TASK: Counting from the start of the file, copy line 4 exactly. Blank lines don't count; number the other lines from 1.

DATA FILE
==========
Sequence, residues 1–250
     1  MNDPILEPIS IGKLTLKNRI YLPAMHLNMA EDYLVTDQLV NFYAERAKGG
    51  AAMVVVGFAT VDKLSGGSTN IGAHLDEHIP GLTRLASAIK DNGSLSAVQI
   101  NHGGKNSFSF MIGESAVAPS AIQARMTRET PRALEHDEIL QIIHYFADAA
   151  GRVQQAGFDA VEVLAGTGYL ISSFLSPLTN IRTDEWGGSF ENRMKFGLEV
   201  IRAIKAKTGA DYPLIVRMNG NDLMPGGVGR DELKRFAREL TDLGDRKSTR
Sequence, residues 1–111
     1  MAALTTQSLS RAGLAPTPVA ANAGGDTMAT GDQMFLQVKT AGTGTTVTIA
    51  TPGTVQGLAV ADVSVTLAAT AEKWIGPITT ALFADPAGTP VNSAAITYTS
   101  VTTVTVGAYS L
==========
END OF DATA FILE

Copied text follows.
   101  NHGGKNSFSF MIGESAVAPS AIQARMTRET PRALEHDEIL QIIHYFADAA